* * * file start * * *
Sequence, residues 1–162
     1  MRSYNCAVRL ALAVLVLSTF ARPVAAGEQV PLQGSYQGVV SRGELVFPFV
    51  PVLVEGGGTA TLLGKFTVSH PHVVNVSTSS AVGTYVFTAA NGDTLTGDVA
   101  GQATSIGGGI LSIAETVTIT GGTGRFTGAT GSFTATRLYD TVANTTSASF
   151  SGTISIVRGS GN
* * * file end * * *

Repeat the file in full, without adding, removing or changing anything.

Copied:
Sequence, residues 1–162
     1  MRSYNCAVRL ALAVLVLSTF ARPVAAGEQV PLQGSYQGVV SRGELVFPFV
    51  PVLVEGGGTA TLLGKFTVSH PHVVNVSTSS AVGTYVFTAA NGDTLTGDVA
   101  GQATSIGGGI LSIAETVTIT GGTGRFTGAT GSFTATRLYD TVANTTSASF
   151  SGTISIVRGS GN